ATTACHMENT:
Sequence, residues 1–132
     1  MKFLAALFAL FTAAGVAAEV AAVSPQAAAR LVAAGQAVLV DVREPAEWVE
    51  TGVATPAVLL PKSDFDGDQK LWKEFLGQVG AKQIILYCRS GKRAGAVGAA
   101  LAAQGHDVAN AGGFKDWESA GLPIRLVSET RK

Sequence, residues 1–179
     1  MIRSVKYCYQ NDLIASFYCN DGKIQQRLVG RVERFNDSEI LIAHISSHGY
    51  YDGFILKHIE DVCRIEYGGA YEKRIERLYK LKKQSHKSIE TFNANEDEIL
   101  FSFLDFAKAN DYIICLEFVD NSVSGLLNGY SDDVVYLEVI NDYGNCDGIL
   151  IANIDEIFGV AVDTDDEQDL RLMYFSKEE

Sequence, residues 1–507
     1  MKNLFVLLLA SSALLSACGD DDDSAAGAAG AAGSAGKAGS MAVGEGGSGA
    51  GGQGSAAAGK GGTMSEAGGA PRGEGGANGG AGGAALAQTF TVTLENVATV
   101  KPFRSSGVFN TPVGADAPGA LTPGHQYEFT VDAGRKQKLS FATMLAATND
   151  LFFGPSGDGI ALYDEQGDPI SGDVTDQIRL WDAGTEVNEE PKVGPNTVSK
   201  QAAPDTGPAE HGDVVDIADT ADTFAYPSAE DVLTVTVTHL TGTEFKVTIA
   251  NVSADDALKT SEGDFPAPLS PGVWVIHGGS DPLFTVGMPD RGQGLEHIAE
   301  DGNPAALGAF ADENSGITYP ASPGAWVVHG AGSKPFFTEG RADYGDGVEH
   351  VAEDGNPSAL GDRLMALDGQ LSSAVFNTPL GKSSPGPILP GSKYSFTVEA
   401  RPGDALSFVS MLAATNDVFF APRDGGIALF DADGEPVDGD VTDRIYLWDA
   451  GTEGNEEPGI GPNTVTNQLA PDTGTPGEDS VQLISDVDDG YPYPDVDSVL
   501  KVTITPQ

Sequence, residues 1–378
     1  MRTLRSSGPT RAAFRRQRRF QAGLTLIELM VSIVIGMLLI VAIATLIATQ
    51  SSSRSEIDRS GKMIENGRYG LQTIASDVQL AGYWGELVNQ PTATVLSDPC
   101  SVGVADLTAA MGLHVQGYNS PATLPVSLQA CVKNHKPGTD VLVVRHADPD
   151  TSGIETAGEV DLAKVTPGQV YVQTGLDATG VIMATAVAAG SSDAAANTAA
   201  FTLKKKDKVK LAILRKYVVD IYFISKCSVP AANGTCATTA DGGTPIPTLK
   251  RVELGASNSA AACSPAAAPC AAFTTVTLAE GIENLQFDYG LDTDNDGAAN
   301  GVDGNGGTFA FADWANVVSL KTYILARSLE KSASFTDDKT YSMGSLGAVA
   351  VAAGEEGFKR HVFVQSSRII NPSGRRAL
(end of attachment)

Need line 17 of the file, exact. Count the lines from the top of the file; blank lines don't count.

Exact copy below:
   301  DGNPAALGAF ADENSGITYP ASPGAWVVHG AGSKPFFTEG RADYGDGVEH